Lots of fascinating commentary the last few days on the demise of print media:
Tim O’Reilly: SF Chronicle in Trouble
Jessica Guynn: InfoWorld To Fold Magazine
David Lazarus: Here, let me throw myself under this bus
David Lazarus: Gets up from under bus, throws himself in front of train
Print media is what it is. I can’t imagine anyone will be printing news on paper twenty years from now in the industrialized world, so the only question is when it will go away, not if. At some point, these circulation numbers will begin to vaporize. And when it’s over for the New York Times, I can’t imagine many others will be around, either.
But forgetting the print part of print media for a second, there’s the question of whether they can survive in some other form. The more proactive publications are trying new things, and will keep the stuff that works.
Hopefully, the publications that try really dumb things like charging for content will stop before it puts them out of business (Doc explains why – no one will pay, and oh yeah, the search engines ignore your content).
Newspapers need to get over the mentality that they and they alone are qualified to gather, analyze and write news (see Lazarus’ second post above for their side of the argument). Bloggers as a group are just kicking their ass all over the place, even when it comes to doing real, live journalism stuff. Like talking to sources and digging for a story. Most print journalists are 9-5 types, and many are union can’t easily be fired. That makes them lazy (I would be).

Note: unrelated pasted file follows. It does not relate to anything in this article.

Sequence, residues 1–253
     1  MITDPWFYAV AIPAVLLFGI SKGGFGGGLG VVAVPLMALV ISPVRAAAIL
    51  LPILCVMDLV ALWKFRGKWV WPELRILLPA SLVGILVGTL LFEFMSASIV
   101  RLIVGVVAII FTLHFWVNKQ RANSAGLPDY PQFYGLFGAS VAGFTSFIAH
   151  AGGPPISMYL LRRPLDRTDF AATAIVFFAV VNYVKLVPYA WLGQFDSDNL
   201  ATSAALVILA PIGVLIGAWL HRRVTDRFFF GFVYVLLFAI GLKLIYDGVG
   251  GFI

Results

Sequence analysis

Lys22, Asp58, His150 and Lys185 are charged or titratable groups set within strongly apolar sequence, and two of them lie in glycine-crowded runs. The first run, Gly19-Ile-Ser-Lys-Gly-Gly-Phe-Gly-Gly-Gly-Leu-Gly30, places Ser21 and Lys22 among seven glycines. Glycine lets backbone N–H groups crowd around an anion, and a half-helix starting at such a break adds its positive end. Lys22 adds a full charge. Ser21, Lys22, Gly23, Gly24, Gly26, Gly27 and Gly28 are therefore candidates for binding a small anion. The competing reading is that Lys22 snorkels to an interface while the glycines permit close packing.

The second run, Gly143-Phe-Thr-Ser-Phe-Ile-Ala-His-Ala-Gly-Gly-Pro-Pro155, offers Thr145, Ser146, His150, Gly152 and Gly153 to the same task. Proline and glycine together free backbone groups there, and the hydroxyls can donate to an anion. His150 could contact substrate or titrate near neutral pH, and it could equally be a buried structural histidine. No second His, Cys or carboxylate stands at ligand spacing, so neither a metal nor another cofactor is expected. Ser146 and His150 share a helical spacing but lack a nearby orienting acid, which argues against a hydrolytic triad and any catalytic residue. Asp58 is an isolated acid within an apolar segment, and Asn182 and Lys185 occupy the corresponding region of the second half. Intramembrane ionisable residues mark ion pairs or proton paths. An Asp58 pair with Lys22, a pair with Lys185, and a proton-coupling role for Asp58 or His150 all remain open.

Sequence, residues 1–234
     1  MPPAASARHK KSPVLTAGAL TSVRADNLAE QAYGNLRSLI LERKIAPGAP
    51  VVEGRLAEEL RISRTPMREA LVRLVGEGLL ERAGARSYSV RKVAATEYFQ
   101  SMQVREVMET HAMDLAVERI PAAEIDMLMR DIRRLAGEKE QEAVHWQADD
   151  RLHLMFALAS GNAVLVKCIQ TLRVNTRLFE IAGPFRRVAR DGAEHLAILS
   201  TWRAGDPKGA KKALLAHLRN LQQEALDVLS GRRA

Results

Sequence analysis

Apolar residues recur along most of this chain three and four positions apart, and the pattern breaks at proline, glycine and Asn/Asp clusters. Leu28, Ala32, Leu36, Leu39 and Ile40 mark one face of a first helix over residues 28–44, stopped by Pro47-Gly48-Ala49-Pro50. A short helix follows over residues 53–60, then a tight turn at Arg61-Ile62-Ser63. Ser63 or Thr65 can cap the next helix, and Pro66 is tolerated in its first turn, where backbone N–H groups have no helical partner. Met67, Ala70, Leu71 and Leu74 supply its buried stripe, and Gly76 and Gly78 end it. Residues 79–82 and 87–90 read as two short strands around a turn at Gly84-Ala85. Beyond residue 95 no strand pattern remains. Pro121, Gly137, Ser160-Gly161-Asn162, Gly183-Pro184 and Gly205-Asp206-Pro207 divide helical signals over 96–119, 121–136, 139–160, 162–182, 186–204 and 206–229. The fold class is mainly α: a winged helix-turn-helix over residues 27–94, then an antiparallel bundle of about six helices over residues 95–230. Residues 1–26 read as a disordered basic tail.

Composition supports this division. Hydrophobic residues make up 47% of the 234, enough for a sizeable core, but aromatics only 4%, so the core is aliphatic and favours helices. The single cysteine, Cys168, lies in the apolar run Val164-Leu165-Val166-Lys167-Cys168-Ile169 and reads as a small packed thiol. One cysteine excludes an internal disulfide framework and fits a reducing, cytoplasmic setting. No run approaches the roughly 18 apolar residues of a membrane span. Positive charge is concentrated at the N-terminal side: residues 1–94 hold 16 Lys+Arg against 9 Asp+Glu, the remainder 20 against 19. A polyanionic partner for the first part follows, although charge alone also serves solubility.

What you get if you blog for a while is a sense of how valuable your readers are, and not because they view and click on ads.
Here’s an example – If a newspaper is writing about a startup and the writer is fairly sure there aren’t any direct competitors, they’ll still write “Snoozy, one of the leading startups in putting people to sleep” rather than “this is the first company to do this, and the only one so far.” They do this because they must never write an incorrect sentence. So instead of figuring out the truth, they will usually just write a noncommittal sentence. I never really saw this until I started blogging. Now, half the sentences in the average newspaper article jump out at me like they are highlighted – watered down, ass covering statements of nothing.
Now, I’ll write the latter if I can’t find any competitors after talking to a couple of sources and doing basic research. And even though startups are my area of knowledge, there’s a very good chance that statement will be incorrect.
But I write it anyway. Then I watch the comments like a hawk. And in an hour I have 95%+ certainty if I’m right or not.
My readers do the final fact check for me. And if I’m wrong, I correct immediately.
Now I didn’t go to journalism school, and I’m certain that my method for fact checking will horrify those who did. No one taught me this, I just figured it out on my own.
When I write, I write to learn more than I write to teach. I am not preaching to the masses, I am inviting them to have a conversation with me, where I get to set the topic and have the first word. We go from there.
Doc has more words of wisdom in his post that I linked to above. Things like linking to other publications and bloggers, linking back to your own old content, etc.
But I still believe that it will be difficult for newspapers to stay around. Their best and brightest will keep leaving to do their own thing. In the past this was impossible, because there was no way for them to make a living. But today, a visit to WordPress.com and a phone call to FM publishing gets you your publishing platform and your ad sales group. All you have to do then is write good content, and the audience will come.
Hopefully Lazarus will realize this before he’s the only one left at the Chronicle.